Look inside a grape and you may find a way to make your teeth stronger.
In a new study, researchers from the University of Illinois at Chicago discovered that grape seed extract can strengthen a part of the tooth known as dentin and lengthen the life of resin-based tooth fillings.
Publishing their findings in the Journal of Dental Research, the study authors found that grape seed extract produces a “bioadhesion mechanism” that augments the structural integrity of dentin, which is found underneath a tooth’s enamel.
The study offers good news to individuals who have fillings in their mouth composed of composite-resin, which is a combination of plastic and glass materials that can be colored in a hue to match a person’s tooth color.
“When fillings fail, decay forms around it and the seal is lost,” said lead author Ana Bedran-Russo, associate professor of Restorative Dentistry at the University of Illinois at Chicago College of Dentistry.
The failed filling often occurs at the point of contact between the resin-based filling and dentin, which consists mainly of a structural protein known as collagen.
“Resins have to bind to the dentin, but the area between the two, or the interface, is a weak point, causing restorations to breakdown,” noted the researchers.
Yet grape seed extract, which occurs naturally and is linked to other health-promoting properties, appears to turn the tide on the eventual breakdown between the material bonds.
“The interface can be changed through the use of new natural materials,” added Bedran-Russo. “We want to reinforce the interface, which will make the resin bond better to the dentin.”
Easing the Pain
The science behind the new study could help a large percentage of the population. National statistics show that more than 90 percent of American adults between the ages of 20 and 64 have at least one cavity, and that number rises to 96 percent after the age of 65.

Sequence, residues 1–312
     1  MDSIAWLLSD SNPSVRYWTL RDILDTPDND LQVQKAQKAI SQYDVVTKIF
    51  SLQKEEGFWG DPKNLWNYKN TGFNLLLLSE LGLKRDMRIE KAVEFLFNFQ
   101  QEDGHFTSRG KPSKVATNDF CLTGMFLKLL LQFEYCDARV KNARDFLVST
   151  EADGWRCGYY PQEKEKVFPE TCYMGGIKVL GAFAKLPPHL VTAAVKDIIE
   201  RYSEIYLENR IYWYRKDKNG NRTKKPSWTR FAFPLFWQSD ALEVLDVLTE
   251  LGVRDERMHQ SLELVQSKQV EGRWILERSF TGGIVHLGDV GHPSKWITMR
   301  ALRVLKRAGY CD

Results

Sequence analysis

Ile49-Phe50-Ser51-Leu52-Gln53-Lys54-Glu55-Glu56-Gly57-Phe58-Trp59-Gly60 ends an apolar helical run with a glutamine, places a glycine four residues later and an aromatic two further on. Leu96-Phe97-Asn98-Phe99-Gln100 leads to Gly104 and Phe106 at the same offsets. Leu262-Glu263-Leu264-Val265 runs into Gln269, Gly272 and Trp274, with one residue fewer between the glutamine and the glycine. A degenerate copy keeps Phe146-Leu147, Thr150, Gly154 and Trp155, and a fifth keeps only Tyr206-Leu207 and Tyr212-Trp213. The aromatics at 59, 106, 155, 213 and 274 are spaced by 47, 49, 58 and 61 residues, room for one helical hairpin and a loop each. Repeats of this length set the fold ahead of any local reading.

Public health officials attribute dental health challenges to a lack of access — either to insurance or routine trips to the dentist. But even for those who visit the dentist regularly, fillings that erode or otherwise break down are common occurrences.
The new application, developed by Bedran-Russo and her colleagues, is based on the working knowledge of plant-based derivatives and how a plant’s flavonoids, or health-boosting antioxidants, can force the collagen in a person’s tooth to repair itself. Again, the benefits of grape seed extract come down to the margin between the filling and the tooth’s natural tissue.
“The stability of the interface is key for the durability of such adhesive joints, and hence, the life of the restoration and minimizing tooth loss,” Bedran-Russo said.
Current fillings last approximately five to seven years on the low end and up to 10 to 15 years on the high end. The study authors hope that their new discovery can help elongate the lifespan of fillings and improve oral care — not to mention a reduction in painful cavity-fixing.